Magnetic Pincushion

Best. Product. Ever.

This is actually two things in one for me because I got 50 new, bigger pins (and I bought more big pins to go with it). I had been using the 100 tiny straight pins and tomato pin cushion that came with the Singer Beginner Sewing Kit I bought before Sewing 101. It was serviceable, but just barely. The tiny pins without real heads would hurt my hands after hours of sewing, and I would just keep the pins out on the table in between steps rather than try to stick them all back into the pin cushion. I don’t know about you, but I have a habit of dropping pins on the table, on the floor, on the cats, and picking up tiny pins was a nightmare, especially off of the bamboo mat we have under the dining room table (where I do most of my sewing). Now things are better in two ways: the bigger pins are much easier to work with and much easier to see; and I can just wave the magnet over surfaces to pick up pins. I find myself returning pins to the pincushion with each step now. I even return pins individually as I pull them out one at a time (for instance, while sewing a zipper). It’s fantastic and well worth the $8.99!


11 responses to “Tools to Make Sewing Easier

  1. Good finds! I’m sold on a magnetic pin cushion (though I wanted to sew a cute one too…)

  2. Magnetic pin cushions do rock 🙂 I support these purchases!

  3. I’ve had that stacking bobbin case for a few years now. It works really well at keeping your bobbins with the spools, but my only complaint is that the centre section is a bit short. The threads I get now only fit down the sides.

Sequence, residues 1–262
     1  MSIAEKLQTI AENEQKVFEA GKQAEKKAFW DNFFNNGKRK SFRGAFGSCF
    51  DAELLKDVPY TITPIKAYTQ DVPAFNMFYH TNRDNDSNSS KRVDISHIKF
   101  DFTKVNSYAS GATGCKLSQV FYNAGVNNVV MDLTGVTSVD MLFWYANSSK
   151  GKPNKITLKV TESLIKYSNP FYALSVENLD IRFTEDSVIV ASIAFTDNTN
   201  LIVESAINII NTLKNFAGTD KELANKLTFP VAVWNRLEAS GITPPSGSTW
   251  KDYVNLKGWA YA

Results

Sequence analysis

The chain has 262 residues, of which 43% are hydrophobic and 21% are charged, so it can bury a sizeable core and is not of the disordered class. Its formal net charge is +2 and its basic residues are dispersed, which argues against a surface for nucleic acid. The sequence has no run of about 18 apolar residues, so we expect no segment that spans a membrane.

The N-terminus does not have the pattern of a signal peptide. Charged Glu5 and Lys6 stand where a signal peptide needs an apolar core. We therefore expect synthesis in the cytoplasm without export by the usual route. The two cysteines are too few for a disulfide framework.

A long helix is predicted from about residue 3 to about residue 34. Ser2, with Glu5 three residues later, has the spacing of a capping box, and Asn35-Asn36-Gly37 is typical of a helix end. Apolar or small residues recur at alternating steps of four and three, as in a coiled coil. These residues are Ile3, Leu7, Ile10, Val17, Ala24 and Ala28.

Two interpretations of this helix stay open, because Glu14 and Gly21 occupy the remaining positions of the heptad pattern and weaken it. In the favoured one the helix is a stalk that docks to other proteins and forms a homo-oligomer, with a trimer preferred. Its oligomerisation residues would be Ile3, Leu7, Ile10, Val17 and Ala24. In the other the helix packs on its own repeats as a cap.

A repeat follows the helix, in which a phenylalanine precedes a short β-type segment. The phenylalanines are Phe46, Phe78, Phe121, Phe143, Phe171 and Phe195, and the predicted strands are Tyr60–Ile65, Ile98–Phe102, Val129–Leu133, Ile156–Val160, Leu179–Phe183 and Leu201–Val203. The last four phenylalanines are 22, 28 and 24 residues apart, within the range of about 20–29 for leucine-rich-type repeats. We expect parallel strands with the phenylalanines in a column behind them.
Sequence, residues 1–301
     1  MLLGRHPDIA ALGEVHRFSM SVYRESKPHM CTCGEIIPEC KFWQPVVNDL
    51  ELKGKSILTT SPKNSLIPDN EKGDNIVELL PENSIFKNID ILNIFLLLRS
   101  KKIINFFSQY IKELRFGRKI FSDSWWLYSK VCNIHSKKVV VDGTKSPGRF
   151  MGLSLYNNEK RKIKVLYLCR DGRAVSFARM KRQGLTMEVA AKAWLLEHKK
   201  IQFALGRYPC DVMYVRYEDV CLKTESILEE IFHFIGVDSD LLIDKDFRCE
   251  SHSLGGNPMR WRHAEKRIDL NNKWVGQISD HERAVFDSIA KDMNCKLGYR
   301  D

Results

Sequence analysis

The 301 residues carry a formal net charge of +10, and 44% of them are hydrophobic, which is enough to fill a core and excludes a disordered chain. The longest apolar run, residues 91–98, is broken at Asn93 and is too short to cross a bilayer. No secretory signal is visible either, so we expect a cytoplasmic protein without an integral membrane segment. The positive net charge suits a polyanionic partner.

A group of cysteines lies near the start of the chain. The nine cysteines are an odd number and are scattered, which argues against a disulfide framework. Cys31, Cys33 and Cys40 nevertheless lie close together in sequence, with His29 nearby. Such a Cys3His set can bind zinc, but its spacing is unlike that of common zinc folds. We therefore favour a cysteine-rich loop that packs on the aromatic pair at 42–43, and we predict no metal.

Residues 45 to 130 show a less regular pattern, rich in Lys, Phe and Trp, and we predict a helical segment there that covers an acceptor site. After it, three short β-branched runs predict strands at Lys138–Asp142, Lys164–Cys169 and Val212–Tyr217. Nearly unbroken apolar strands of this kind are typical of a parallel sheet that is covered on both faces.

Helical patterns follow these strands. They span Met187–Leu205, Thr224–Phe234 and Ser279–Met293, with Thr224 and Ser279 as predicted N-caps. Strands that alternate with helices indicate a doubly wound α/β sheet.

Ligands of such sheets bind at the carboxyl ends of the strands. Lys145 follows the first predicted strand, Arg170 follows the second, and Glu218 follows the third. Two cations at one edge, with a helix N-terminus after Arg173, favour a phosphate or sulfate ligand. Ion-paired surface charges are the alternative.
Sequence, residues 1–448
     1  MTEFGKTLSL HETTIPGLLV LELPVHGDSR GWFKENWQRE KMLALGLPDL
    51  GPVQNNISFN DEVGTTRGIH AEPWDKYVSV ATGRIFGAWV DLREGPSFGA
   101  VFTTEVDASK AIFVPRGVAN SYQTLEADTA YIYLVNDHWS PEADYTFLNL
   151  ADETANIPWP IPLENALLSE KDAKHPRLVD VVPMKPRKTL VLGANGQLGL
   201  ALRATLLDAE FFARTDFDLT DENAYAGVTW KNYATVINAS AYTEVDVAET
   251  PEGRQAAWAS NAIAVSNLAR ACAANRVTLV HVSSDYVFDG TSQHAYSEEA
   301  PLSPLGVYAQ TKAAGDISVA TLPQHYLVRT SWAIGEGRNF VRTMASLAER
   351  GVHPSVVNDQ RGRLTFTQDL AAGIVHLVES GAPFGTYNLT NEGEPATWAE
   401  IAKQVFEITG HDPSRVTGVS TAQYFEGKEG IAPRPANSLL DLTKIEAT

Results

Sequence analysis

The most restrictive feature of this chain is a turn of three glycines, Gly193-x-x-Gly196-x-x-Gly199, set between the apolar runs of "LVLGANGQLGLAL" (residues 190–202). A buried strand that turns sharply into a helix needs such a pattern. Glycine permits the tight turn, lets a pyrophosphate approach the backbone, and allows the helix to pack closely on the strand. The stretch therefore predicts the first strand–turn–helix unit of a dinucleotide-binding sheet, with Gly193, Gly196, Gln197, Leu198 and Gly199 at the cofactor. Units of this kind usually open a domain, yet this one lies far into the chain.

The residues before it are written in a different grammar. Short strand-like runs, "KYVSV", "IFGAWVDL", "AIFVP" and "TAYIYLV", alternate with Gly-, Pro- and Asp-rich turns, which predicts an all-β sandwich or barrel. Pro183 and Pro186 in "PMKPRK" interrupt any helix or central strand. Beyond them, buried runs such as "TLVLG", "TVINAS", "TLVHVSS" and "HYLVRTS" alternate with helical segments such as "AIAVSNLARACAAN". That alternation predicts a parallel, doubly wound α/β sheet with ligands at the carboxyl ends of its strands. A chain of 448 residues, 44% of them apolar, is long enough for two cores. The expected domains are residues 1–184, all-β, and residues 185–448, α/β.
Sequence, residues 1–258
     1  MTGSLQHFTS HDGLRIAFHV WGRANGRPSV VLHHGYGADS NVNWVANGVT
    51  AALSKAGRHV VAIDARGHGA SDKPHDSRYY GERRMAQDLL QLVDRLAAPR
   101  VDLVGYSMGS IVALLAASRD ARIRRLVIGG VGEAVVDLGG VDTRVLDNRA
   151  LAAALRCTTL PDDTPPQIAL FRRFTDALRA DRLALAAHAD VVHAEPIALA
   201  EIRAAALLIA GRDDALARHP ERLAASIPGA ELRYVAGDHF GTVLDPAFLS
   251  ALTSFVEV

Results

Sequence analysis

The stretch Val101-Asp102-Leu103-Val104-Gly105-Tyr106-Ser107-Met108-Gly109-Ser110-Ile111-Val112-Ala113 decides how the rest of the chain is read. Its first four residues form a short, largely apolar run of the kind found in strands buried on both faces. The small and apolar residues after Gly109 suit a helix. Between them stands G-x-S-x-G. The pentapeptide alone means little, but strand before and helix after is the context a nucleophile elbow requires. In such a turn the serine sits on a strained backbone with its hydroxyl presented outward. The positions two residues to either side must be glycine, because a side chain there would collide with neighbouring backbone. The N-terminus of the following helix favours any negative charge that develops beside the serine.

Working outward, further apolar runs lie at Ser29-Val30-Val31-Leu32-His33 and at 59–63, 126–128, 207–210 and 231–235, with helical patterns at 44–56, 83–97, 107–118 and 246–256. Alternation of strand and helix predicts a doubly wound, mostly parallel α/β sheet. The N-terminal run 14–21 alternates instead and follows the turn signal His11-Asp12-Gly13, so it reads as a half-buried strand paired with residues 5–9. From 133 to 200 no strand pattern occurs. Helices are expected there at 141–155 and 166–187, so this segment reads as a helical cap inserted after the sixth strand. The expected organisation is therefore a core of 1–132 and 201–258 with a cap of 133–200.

I have to admit I always splash out and buy the metal bobbins. The plastic ones we get over here at least have rough flash on them I thought would snag the thread. As you can always reuse them I don’t mind paying a pound or two more (plus they feel nicer).

    And I completely agree, I’ve been dreaming of an overlocker for years, but can’t quite justify the costs. I can’t get my hands on decent fabric over here, only quilting or upholstery material, so I usually make things not clothes. My latest project was a a marching banner, which was a bit more tricky than it sounds.

    • A marching banner sounds tricky to me. 🙂 I don’t know if I could handle making just things. I’d probably make clothes out of quilting fabric if that’s all I had (and, in fact, I have made some clothing out of quilting fabric because it’s cheaper). Even with clothing, though, the expense of the serger is difficult to justify. Now if I sold clothing…

      I can see what you’re saying about the bobbins, but I haven’t had any trouble with the plastic ones so far.

      • Ah, well it doesn’t help that our quilting fabric is usually at least about £10 a meter.

        Here’s a picture of the banner. It wasn’t my favourite design, but the Meeting liked it best. Because we’ve seen other banners tear at the top corners I may have over engineered it a bit.

      • That looks great. And like a ton of work!

  4. I actually… kind of… sort of… bought a netbook for NaNoWriMo and writing in general. Luckily for me and my wallet I’m not yet that obsessed with sewing that I want to buy a serger. 😛

    • Yay for NaNo! I don’t even like typing on netbooks, but I do like the 8-hour battery life. My Macbook lasts about an hour, so I always have to find writing spots with outlets. Sigh.

      But I do want a serger more than a netbook. 🙂